16 Agnosia VisionAudition Can not recognize objects in general visual agnosiaauditory agnosia Can not recognize linguistic objects alexia (word blindness) speech agnosia (pure word deafness) Can not recognize human objects prosopagnosia (face blindness) phonagnosia 10/14/13Brain & Language - Harry Howard - Tulane University 16 An impairment in which a patient fails to recognize a stimulus in a sensory modality, although perception in the modality is unimpaired. By “perception”, we mean the subcortical processing of the modality.

17 10/14/13Brain & Language - Harry Howard - Tulane University 17 Auditory agnosia It is best defined as an inability to recognize sounds independent of any deficit in processing spoken language. at times, it has been replaced by a more general definition referring to a deficit involving any type of auditory stimuli. It dates back to Freud (1891), but the first case of ‘pure’ auditory agnosia appears to have been reported only thirty years ago (Spreen et al., 1965). They presented a patient who was severely impaired at identifying a variety of sounds such as coughing, whistling and a baby crying, but showed no evidence of impaired speech comprehension.

18 Speech agnosia Pure word deafness, auditory-verbal agnosia Kussmaul (1877) coined the term “pure word deafness” to refer to an inability to comprehend spoken words despite intact hearing, speech production and reading ability. One patient complained that speech sounded “like a great noise all the time... like a gramophone, boom, boom, boom, jumbled together like foreign folks speaking in the distance”. Another said: “I can hear you talking but I can’t translate it”. Examiner: What did you eat for breakfast? Patient: Breakfast, breakfast, it sounds familiar but it doesn’t speak to me. (Obler & Gjerlow 1999:45) The experience of speech appears to undergo a qualitative change, and some word deaf patients cannot judge the length of a word. However, some patients appear able to extract information about the speaker from their voice despite being unable to comprehend the spoken message … i.e., sex, age, region of origin, or affective information. 10/14/13Brain & Language - Harry Howard - Tulane University 18

19 10/14/13Brain & Language - Harry Howard - Tulane University 19 Phonagnosia An impairment in the ability to recognize familiar voices, while being unimpaired on other auditory abilities. (Van Lancker and Canter 1982) Subjects were asked to identify which of four names or faces matched a particular famous voice. >> Just as prosopagnosia reflects an impairment in the ability to recognize familiar faces. Subsequent research produced evidence for a double dissociation between memory for familiar voices and the ability to discriminate between unfamiliar voices: One group of patients performed normally on the discrimination task but was impaired on the memory task, whereas another group of patients performed normally on the memory task, but was impaired on the discrimination task. >> Prosopagnosia has a similar double dissociation.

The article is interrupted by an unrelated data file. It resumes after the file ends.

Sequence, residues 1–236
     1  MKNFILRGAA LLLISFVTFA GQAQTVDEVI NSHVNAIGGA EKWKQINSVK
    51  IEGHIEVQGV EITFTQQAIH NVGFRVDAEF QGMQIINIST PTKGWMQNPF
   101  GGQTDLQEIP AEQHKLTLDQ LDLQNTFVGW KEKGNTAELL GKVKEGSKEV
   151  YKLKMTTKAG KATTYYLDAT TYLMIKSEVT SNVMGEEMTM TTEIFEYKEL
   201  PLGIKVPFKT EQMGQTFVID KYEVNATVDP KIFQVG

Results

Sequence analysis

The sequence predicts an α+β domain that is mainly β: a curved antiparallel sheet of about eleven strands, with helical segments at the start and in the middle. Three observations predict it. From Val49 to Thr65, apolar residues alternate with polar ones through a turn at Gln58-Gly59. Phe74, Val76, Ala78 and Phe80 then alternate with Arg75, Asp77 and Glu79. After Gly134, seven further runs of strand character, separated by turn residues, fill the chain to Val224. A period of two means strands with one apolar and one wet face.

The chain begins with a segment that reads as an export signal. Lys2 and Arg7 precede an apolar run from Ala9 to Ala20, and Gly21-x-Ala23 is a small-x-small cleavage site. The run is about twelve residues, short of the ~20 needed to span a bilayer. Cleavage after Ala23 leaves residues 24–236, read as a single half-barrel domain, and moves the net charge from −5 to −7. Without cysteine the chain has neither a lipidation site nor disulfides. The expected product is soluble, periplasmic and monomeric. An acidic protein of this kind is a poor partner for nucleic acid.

20 Summary Non-speech sounds VoicesSpeechCause Cortical deafness ✖✖✖ bilateral lesions to A1 Auditory agnosia ✖✔✔ damage to feature detectors in A2 & A3 Pure word deafness ✔✔✖ damage to phonetic feature detectors or speech motor loop Phonagnosia ✔✖✔ damage to inferior and lateral parietal regions of the RH 10/14/13Brain & Language - Harry Howard - Tulane University 20

21 10/14/13Brain & Language - Harry Howard - Tulane University 21 Optic aphasia A patient CANNOT name an object presented visually, but the patient CAN … name the object from a verbal description, describe the function of the object, or sort pictures of objects into categories, so it is not visual agnosia. Cause: impairment of pathway from visual object perception to semantic representation the object’s semantic representation can be activated only enough for basic tasks, such as sorting, but not enough for naming.

22 NEXT TIME Finish Ingram §8. ☞ Go over questions at end of chapter. 10/14/13Brain & Language - Harry Howard - Tulane University 22